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Nevis Island

This triathlon-friendly Caribbean island makes for a wonderful winter getaway.

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This triathlon-friendly Caribbean island makes for a wonderful winter getaway.

I never planned on racing a triathlon on Nevis Island, but how could I say no with Winston Crooke’s smile? My wife and I had come to his store looking to rent bikes and were greeted by Crooke—a tall, thin, athletic man with dreadlocks and a surprising British accent (he was raised in the U.K.). “We have a little local triathlon on Saturday if you want to race,” Winston said, pointing to a sign listing the monthly winter races of the FLY (Forever Live Young) Miniseries that lead up to the island’s major triathlon, TriStar Nevis (won in April last year by none other than Chris McCormack).

Nevis is the smaller island of the two-island federation of St. Kitts-Nevis, just southeast of Puerto Rico. Its small airport receives some direct flights, but it’s easy and significantly cheaper to fly into St. Kitts on a major airline (American Airlines offers daily flights) and then take one of the frequent boat ferries to Nevis.

Nevis offers a variety of lodging options, from a recently renovated five-star Four Seasons resort to private rental homes. The remains of the sugarcane plantations that drove the island’s economy during its early British colonial days are now home to upscale hotels including beachfront Nisbet Plantation and mountainside Golden Rock Inn.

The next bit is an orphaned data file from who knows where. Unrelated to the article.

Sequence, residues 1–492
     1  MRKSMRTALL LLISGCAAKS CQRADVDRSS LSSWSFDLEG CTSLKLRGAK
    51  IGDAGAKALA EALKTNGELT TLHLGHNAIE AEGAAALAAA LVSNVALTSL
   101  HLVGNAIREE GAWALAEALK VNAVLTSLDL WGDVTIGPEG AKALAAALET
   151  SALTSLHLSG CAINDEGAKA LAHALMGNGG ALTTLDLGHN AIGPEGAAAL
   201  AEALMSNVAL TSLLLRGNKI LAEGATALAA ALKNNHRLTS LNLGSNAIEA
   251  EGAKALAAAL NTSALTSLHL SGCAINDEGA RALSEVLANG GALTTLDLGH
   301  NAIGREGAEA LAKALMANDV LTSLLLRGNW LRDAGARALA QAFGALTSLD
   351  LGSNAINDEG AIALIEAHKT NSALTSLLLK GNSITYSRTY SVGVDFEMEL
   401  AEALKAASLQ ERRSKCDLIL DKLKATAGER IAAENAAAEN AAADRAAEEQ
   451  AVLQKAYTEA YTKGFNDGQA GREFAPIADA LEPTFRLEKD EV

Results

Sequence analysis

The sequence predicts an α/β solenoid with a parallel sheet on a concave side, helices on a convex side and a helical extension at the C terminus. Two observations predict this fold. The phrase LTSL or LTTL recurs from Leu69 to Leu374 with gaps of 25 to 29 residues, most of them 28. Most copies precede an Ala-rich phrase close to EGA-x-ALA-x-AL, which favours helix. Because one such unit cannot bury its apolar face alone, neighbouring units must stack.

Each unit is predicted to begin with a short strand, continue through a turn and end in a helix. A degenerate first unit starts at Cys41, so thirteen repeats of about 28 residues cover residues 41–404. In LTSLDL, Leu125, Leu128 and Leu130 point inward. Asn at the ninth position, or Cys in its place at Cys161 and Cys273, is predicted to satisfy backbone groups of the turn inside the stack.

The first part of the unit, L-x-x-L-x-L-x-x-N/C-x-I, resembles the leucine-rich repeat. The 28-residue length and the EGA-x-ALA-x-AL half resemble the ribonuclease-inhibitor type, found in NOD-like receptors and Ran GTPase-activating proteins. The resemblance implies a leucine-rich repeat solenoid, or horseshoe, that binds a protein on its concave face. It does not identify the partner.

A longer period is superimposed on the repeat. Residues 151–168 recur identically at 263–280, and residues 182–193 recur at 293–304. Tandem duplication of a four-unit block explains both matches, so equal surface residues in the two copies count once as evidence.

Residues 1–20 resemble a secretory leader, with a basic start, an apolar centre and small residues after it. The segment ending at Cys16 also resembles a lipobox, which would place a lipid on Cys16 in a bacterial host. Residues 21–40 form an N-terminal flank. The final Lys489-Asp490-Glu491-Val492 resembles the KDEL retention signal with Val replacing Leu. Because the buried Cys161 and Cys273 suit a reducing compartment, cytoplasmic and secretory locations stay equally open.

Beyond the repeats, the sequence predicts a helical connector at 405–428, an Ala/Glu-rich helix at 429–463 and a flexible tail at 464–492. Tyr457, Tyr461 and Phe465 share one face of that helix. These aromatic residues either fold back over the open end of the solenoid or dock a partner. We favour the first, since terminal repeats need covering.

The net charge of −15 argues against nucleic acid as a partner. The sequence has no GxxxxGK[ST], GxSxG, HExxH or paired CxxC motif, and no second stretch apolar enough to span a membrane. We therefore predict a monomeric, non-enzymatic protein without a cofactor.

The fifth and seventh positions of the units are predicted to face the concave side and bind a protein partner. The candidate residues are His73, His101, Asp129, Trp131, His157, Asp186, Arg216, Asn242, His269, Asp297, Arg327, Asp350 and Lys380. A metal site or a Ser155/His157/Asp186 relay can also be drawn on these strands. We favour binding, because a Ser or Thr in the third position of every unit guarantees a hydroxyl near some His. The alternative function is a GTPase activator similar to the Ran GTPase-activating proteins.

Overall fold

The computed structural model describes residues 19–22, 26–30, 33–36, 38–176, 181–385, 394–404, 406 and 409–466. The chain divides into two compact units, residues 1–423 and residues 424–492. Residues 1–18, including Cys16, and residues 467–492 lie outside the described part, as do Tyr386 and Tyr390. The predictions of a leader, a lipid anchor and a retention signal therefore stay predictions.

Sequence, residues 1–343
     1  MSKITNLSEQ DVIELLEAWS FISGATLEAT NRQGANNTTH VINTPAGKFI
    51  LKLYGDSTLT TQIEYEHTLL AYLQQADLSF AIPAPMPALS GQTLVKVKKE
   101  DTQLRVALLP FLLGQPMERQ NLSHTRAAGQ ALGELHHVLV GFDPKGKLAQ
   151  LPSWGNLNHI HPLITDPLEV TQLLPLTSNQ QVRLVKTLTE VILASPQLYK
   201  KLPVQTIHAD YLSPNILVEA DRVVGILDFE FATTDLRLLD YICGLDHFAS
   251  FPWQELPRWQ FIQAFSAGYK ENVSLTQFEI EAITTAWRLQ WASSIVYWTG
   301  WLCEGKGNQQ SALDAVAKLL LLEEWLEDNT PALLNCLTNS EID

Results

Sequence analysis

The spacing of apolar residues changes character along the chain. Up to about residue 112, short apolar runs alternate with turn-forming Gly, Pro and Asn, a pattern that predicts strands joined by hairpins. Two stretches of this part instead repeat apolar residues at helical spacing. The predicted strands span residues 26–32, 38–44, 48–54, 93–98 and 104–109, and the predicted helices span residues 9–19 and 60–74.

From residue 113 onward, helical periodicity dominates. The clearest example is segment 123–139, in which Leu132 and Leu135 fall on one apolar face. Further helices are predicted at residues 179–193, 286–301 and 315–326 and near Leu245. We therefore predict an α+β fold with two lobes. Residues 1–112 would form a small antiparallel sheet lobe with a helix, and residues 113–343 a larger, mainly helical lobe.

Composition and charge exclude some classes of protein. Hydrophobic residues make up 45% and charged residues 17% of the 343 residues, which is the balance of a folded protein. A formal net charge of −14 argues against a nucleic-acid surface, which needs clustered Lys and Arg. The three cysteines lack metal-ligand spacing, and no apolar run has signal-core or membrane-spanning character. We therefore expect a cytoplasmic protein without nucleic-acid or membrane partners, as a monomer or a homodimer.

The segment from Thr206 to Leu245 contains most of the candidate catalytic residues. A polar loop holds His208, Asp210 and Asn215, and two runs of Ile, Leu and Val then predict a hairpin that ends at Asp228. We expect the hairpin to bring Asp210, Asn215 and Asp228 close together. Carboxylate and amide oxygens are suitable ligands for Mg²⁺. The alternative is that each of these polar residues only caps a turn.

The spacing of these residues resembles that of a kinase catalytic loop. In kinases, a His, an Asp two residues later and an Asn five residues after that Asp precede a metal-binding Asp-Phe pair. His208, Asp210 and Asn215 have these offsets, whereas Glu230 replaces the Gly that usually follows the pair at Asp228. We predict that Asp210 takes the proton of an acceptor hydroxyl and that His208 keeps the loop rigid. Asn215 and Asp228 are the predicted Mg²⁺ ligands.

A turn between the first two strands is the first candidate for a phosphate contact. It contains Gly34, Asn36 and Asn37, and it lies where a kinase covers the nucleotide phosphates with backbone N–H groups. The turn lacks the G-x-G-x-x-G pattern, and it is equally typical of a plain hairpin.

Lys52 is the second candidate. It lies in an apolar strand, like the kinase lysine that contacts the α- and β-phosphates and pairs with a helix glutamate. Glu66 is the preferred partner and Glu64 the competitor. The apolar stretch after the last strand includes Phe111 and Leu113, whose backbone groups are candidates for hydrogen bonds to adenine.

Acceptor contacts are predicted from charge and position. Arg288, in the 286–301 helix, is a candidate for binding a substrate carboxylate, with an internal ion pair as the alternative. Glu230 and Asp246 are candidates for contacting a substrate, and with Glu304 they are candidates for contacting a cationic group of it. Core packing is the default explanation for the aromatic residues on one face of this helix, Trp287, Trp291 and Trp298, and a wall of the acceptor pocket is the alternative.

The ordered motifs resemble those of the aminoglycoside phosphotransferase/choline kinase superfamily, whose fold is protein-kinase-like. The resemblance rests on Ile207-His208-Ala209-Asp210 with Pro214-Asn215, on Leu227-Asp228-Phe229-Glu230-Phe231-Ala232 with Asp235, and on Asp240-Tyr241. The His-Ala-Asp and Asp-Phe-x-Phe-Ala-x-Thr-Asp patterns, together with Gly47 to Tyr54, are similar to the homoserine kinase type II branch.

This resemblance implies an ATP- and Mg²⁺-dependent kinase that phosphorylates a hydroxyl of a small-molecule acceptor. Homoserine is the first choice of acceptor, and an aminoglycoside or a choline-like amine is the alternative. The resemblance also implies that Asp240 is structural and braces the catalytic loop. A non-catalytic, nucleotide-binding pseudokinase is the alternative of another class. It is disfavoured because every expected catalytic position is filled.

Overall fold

The island, which surrounds the often fog-covered mountain peak of an inactive volcano, is only 7 miles long and 5 miles wide, with a major 21-mile road that goes around its perimeter. Driving is on the left side on this former British colony, and though the road is narrow and the rules of traffic a bit improvisational, most island drivers are accustomed to watching the roads carefully for everything from bands of green vervet monkeys to sheep to the wild donkeys that roam the island, so cyclists are just part of the mix.

Winston Crooke’s bike shop, Wheel World (Bikenevis.com) is the primary bike rental option on the island and it’s far better than your typical beachside bike rental shop. Remember to bring your cycling shoes because Crooke not only offers the typical bike rental platform pedals with cages, but can also set up a bike with Look or Shimano SPD pedals. Crooke and Reggie Douglass, a local triathlete known as the “Flying Rastaman” who qualified for the Ironman World Championship 70.3, lead regular road and mountain bike tours.

If you want to get in some serious winter triathlon training, Nevis has two ITU-certified triathlon coaches—Crooke and James Weekes. Training can be arranged through Crooke’s Wheel World bike shop. One of the incredible things on Nevis is the number of young triathletes Crooke and Weekes are training. Expect to see some of these kids one day gracing the stage at Ironman 70.3 St. Croix and beyond.